From the beginning, Miles Morales: Ultimate Spider-Man wasted no time establishing an almost overwhelming number of plot threads. The series has been a pretty ambitious effort that’s enjoyed great success to date. While the biggest questions (the return of Peter Parker and Norman Osborn) have taken center stage so far, the characters of Jefferson, the Spider-Twins, and Katie have been carefully acknowledged along the way so that we wouldn’t lose sight of their importance. With Peter and Norman’s stories colliding in an explosive battle, issue #7 had to pivot from that point in the action to keep things moving in an interesting direction. In doing so, it stumbles but still manages to pick itself up toward the end and finish strong.
Having already seen two exciting knock-down drag-out battles between the Goblin and Spider-Man (Men), I ended up feeling underwhelmed by seeing the action resume again so quickly. It seemed like we were going to get some new information about Jefferson, but Norman ends up ranting and the Spider-Men put him down again… and then again. I never thought I’d say this for a book by this creative team, but the action sequence that opens the issue ended up feeling boring. Don’t get me wrong, it was beautifully rendered with dynamic poses and fiery dramatic colors (not to mention some satisfying trash talk). Unfortunately, this felt like “more of the same” after the intensity of the previous issue. The fight in issue #6 felt like it ended on a dramatic note, so it was disappointing to see it dragged out here as Round 2.5 and do very little to advance the story.
I also had some trouble following the sequencing of a double-page spread in which the Goblin suddenly springs into an attack (apparently transforming while I was turning the page). It wasn’t immediately clear from the panel layout that he was turning his attention toward different targets. The pacing seemed off as the fight suddenly stopped without warning. Even Peter seemed a bit confused. Maria takes it upon herself to brutally dispatch Norman, but who can really take that seriously at this point?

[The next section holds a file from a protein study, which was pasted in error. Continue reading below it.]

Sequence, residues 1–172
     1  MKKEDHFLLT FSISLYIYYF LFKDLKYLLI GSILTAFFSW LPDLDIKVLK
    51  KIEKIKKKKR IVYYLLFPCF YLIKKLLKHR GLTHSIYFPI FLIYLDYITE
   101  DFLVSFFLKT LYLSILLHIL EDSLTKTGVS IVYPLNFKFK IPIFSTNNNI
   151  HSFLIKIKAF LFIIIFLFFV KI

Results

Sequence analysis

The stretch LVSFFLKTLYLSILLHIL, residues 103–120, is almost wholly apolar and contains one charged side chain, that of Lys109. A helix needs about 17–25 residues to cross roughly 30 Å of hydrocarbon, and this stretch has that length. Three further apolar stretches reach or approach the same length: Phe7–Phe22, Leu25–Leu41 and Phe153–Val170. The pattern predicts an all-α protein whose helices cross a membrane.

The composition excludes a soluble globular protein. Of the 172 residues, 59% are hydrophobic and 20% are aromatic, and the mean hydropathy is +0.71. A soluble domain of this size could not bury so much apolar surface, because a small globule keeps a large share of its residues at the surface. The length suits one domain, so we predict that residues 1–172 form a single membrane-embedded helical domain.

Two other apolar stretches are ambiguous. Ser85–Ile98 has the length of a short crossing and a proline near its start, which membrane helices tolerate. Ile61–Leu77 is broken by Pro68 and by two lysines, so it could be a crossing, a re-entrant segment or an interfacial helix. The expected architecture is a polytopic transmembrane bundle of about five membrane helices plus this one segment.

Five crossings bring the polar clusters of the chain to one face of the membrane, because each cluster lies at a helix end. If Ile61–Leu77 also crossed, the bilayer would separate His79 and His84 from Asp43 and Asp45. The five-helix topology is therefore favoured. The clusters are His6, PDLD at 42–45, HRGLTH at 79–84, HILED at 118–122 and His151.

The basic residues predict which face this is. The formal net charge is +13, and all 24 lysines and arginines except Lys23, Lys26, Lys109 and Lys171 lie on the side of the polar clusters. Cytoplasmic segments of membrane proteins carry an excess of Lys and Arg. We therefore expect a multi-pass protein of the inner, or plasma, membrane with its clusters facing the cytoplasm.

It’s not all rock-’em sock-’em action in this issue, as Peter’s story is seemingly brought to a wonderfully poignant close. One of the Ultimate Universe’s many strengths is that the emotional connection between Peter Parker and Mary Jane was allowed to progress naturally with a very believable series of ups and downs. There were no deals with the Devil or other editorial contrivances to undo their carefully written relationship. Now it seems they have a second chance at happiness. Re-reading this run to date, Mary Jane’s body language reveals that she and Peter had made their decision the moment they were reunited. Their final scene in this issue is beautiful in every respect and it’s moving to see this version of Peter Parker find the happy ending that he deserves.
Having survived his recent battle (and unmasked, at that!), Miles is at last validated by his predecessor as the Spider-Man. All of the concerns I’d had about Peter’s return and its impact on Miles as a character went out the window once I saw the straight-out-of-the-movies hero shot of Miles swinging by the Brooklyn Bridge.
There’s even time for things to get dark, as we discover the meaning behind Marquez and Ponsor’s sinister cover portrait of Katie. As with every other cover in this series to date, the creative team use this space to tell a whole story all by itself – especially noteworthy here as issue #7 is the first cover that doesn’t feature Miles. It’s been established that Katie Bishop has a secret that spells bad news for her boyfriend, or rather it does now that she knows he’s Spider-Man. Marquez and Ponsor depict Katie having patiently allowed a spider the time to weave its intricate web between her fingers. The spider was so focused on its work that it had no idea that it literally played right into her hands. It’s unaware that it’s completely at her mercy. We finally learn what has Katie so conflicted (and why she’s terrified about her parents learning about Miles). I won’t spoil it here, but I’ll say that Ponsor’s colors playfully foreshadow the answer when Mr. and Mrs. Bishop say good night.
The final moments of the issue see the long-awaited return of a key character and promises that the next issue will place “All The Cards On All The Tables.” Bendis has done an outstanding job of weaving together an interesting range of characters and plot ideas. Here’s hoping that this complex web continues to hold together as we head toward those answers in issue #8.